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Bhutan Observer
LifestyleAP Tsara
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Mini veg markets
Ap Tsara, June 30, 2013
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Wai! If roadside scenes in Bhutan are changing today, it’s partly thanks to vegetable sellers. As one drives along the east-west highway, one would see in certain places people sitting by the roadside with fresh, organic vegetables, cheese, butter, whey, and milk. These are farmers taking advantage of the winding road passing by their villages. They sell small quantities of vegetables, fresh out of their kitchen gardens and a kilo or two of butter and cheese. They evoke refreshingly bucolic feelings in weary travellers. They are welcome.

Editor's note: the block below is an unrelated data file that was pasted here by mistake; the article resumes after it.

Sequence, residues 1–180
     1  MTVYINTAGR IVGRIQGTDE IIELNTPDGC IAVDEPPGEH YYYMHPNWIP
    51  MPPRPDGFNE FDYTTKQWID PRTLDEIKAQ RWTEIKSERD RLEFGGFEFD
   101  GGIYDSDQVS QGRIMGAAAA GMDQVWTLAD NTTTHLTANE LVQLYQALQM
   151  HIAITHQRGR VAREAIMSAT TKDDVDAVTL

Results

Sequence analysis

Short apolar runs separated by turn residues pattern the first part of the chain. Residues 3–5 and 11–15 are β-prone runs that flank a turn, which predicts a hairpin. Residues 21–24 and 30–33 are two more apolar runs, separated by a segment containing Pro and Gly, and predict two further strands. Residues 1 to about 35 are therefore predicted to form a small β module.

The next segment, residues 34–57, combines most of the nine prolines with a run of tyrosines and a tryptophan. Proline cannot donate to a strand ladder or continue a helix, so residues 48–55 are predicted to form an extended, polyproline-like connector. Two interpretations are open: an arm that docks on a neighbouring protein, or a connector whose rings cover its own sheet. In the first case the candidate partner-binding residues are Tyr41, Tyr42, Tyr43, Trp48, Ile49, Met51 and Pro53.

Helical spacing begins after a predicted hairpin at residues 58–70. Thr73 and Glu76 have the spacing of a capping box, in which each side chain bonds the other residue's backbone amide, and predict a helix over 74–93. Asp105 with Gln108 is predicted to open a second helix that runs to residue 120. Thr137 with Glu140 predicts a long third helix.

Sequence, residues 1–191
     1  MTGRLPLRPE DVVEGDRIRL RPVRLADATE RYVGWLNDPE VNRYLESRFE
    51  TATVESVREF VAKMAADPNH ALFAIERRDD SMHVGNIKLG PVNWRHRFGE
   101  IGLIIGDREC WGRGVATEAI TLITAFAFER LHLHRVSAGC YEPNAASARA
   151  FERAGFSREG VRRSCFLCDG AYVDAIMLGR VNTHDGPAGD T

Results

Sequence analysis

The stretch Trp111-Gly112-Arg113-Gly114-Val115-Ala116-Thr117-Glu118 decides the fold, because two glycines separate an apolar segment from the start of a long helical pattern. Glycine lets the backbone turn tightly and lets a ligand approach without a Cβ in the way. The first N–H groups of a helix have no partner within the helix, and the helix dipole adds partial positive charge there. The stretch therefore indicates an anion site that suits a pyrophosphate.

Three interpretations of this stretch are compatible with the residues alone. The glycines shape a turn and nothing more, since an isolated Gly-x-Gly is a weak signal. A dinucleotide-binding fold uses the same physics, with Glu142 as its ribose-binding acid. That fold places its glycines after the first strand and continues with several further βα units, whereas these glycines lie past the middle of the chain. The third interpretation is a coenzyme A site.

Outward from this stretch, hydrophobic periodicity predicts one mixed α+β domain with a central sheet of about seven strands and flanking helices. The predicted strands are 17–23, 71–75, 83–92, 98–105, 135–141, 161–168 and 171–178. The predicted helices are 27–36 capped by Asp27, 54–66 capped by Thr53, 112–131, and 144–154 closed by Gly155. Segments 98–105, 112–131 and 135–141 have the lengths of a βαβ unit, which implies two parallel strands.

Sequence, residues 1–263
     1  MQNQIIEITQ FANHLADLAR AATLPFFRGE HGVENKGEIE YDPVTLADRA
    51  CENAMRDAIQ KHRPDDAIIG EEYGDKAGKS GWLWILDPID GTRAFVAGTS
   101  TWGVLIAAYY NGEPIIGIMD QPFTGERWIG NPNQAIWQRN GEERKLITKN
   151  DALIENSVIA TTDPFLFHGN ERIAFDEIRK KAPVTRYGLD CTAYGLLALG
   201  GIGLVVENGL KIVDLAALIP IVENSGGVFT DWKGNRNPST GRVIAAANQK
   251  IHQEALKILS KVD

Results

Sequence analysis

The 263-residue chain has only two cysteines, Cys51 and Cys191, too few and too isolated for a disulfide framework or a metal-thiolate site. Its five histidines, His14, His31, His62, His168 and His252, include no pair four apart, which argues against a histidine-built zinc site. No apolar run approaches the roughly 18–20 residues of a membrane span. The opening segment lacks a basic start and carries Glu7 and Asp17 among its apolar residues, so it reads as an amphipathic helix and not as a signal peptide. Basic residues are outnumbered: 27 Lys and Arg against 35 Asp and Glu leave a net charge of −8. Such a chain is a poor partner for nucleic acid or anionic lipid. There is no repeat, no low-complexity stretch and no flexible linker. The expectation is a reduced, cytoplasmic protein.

Of late, some Thimphu residents have started lining the roadsides with mostly imported vegetables. For example, the tri-junction in Hejo is mostly crowded with vegetable sellers who sit by, whole day, creating human and traffic congestion as cars stop by to check out. Ironically, most of them are imported vegetables sellers, who could pay some amount and easily avail themselves of some space at the Centenary Farmers’ Market.

Thimphu is a city and the way people go about their business should be more organised. Vegetable sellers have their place, just as truckers and taxi drivers. We cannot allow residents to create ugly scenes, waste, and congestion at their own whims. From Hejo, it’s about four kilometres to the farmers’ market. Thimphu is a small place and we cannot have mini markets sprouting up at inconvenient bends and corners. This can cause road accidents.

And added to these mini markets are cattle and horses. Thimphu city has never been able to rein in stray cattle and horses that roam the city roads freely, making it dangerous to drive or walk around. The City’s love for farm animals should end. And the sooner, the better.

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